When we reviewed the MOGA Pocket (then simply called "MOGA") back in October of last year, we loved the controller, but felt it lacked a lot of functionality users want out of a game controller (emulator support, anyone?). Enter the MOGA Pro ($50): a larger, more full-featured version of the MOGA Pocket. With this controller, it appears that PowerA has taken into consideration everything it did "wrong" with the Pocket, and used that to improve things with the Pro.
In the interest of time, I'll spare you, dear readers, my usual spiel and say simply this: I like official accessories. In theory, anyway. I like the idea of accessories specifically made for specific devices by the device's original manufacturer. I've been delighted by the Nexus 7 pogo dock, and love the Nexus 10 pogo charger (though it isn't actually official yet).
Then there's the official book cover for the Nexus 10.
Last November, I reviewed a product called the SuperTooth Disco 2. It's a really great little Bluetooth speaker, because it manages to pack a ton of sound into a small, attractive (I think so, at least) package. But it isn't the most refined speaker ever built, and its decreased audio output when compared to its predecessor did leave a little to be desired.
It also was missing something - a feature that it originally promised to ship with: wireless stereo pairing with a second Disco 2 speaker.
When Jawbone's UP wristband was released in late 2011, I was excited. Then I was disappointed. The motion-tracking band seemed like a perfect step into wearable tech at the time, but its companion app wasn't available for Android. Whether and why Jawbone didn't see fit to invest resources in developing for Android was a mystery, but now – thankfully – it's immaterial. Just over a week ago, Jawbone released an official UP app to the Google Play Store, and I wanted to be first in line to try it out with Jawbone's updated 2012 wristband.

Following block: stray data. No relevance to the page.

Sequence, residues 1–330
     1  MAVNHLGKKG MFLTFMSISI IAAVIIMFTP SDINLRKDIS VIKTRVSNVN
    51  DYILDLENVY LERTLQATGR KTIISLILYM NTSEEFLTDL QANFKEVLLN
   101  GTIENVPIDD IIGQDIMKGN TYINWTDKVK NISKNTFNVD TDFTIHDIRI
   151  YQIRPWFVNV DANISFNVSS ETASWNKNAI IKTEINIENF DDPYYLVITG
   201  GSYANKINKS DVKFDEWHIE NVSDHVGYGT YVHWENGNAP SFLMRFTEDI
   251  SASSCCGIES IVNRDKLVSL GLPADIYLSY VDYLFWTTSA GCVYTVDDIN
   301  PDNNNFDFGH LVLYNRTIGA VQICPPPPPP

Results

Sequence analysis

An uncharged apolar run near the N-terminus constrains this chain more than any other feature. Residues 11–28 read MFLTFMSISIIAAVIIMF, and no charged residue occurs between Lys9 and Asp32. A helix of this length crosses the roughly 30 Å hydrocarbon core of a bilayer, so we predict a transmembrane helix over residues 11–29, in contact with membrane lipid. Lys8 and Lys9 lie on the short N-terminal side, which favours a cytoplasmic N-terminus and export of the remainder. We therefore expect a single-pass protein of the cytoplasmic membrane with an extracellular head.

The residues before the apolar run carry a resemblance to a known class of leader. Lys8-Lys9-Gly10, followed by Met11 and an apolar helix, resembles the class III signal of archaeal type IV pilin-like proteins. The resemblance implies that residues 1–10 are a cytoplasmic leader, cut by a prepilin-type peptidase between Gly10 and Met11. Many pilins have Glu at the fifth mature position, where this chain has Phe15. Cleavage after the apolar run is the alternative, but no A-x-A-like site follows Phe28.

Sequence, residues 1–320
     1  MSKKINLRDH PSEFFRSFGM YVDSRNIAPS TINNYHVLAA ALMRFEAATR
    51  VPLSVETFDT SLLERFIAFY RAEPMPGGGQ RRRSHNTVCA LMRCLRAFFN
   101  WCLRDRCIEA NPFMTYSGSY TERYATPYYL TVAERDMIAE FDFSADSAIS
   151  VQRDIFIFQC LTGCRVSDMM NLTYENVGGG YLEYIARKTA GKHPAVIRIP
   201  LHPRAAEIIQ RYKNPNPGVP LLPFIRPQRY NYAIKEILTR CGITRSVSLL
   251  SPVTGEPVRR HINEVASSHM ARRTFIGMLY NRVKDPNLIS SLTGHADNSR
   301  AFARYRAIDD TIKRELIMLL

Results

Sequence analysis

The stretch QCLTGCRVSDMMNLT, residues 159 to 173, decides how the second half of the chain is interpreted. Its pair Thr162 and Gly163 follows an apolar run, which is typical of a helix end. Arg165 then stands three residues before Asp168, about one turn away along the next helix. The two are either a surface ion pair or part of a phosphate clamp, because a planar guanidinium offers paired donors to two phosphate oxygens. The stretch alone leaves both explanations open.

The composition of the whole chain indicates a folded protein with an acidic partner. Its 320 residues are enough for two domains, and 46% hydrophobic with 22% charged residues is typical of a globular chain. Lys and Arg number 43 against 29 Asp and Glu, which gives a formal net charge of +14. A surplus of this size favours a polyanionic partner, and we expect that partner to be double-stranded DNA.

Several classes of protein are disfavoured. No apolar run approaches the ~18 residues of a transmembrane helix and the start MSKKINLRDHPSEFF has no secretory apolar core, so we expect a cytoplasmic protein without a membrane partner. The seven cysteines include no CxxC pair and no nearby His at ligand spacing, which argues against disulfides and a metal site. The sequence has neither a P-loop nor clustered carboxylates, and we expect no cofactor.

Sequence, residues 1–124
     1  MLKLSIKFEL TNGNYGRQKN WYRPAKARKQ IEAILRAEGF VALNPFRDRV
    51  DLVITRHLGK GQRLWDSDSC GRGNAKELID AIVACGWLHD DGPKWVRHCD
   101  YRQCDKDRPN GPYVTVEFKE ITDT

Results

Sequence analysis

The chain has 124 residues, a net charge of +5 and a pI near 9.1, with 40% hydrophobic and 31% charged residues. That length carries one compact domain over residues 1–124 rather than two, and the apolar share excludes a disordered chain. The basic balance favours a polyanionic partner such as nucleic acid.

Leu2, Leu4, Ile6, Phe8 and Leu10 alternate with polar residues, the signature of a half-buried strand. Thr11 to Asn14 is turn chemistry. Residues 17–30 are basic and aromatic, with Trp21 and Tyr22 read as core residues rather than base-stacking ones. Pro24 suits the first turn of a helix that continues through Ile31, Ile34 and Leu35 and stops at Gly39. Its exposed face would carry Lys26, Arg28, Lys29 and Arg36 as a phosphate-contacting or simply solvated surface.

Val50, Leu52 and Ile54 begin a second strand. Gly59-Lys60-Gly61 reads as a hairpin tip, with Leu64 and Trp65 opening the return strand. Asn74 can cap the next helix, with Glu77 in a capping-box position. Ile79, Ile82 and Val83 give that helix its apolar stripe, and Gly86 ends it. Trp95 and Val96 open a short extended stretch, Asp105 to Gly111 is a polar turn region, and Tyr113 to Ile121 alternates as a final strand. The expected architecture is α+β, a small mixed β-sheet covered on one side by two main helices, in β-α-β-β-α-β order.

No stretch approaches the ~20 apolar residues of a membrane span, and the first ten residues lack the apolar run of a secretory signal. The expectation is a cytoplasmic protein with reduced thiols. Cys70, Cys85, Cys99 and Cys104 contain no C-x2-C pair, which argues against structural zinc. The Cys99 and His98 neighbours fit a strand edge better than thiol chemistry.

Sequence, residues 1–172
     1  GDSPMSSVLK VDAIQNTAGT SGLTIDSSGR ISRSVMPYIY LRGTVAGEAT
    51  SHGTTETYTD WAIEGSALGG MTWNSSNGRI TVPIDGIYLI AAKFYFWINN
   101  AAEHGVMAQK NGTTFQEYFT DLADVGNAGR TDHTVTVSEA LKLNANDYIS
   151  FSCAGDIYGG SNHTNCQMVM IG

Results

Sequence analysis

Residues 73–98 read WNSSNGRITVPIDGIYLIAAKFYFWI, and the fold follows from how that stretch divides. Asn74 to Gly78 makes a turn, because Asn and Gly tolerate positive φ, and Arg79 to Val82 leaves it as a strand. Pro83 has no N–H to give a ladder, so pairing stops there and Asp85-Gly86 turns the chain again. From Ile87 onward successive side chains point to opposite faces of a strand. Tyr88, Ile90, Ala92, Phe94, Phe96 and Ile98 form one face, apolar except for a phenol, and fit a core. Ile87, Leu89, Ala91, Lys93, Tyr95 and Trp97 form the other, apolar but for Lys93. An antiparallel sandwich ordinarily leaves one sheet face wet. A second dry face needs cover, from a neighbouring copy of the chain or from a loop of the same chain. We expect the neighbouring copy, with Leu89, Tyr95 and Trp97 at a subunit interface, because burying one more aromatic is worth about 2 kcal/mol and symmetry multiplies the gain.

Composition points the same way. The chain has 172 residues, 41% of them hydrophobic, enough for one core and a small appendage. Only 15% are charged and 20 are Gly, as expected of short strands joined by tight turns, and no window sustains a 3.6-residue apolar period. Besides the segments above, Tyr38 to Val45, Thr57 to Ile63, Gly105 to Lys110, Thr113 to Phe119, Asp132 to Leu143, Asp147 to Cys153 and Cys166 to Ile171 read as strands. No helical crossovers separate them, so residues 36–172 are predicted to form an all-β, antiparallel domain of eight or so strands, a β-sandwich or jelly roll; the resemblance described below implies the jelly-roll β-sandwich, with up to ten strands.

We first heard about Vavo through its Kickstarter campaign – which was successfully funded by roughly 200% – back in June of last year. The product has been available in the retail scene for a little while now, and I've actually had a pair of them (one white, one black) for the last few months. As such, I've had plenty of time to get a feel for VaVo's strengths, as well as its weaknesses.
Soundfreaq isn't the best-known player in the Bluetooth audio market, but if you haven't checked them out, there's never been a better time to try. The company's new Sound Platform 2 is a heavy-hitting stationary speaker system with a set of pipes that really sing, and a genuinely useful dual-speaker pairing mode (read on for more about that).
I reviewed Soundfreaq's Sound Kick last year, and came away genuinely impressed. It's still my go-to portable speaker around the house, and occasionally travel.
As soon as we heard that the Nexus 4 was covered in glass on both the front and back, how am I going to keep that safe?! was a question on the minds of many. We've already taken a look at a way to keep it free of scratches with the Spigen Steinheil Dual screen/back protector, but that's just not enough for some people. Some users just want – or even need – a case.
Yeah, we know – it doesn't run Android, and really, it has nothing to do with Android. But it is a Google product, so by default it's at least tangentially related - call it Android's cousin. It's also Google's statement that ChromeOS is important, that it's not just some side project. It's saying that we should all pay attention. That ChromeOS is the real deal, and the Chromebook Pixel is the best experience that ChromeOS has to offer.
Since there's no shortage of good, name-brand cases for the Nexus 7, it's generally not a bad idea to be wary of the cheapies. But after getting a heads up from Bob Severns (the guy who presses the buttons on our podcast), I decided to give a pair of $4 Nanum cases a go. Having never heard of "Nanum" before, I was skeptical of how good this extremely affordable duo would be.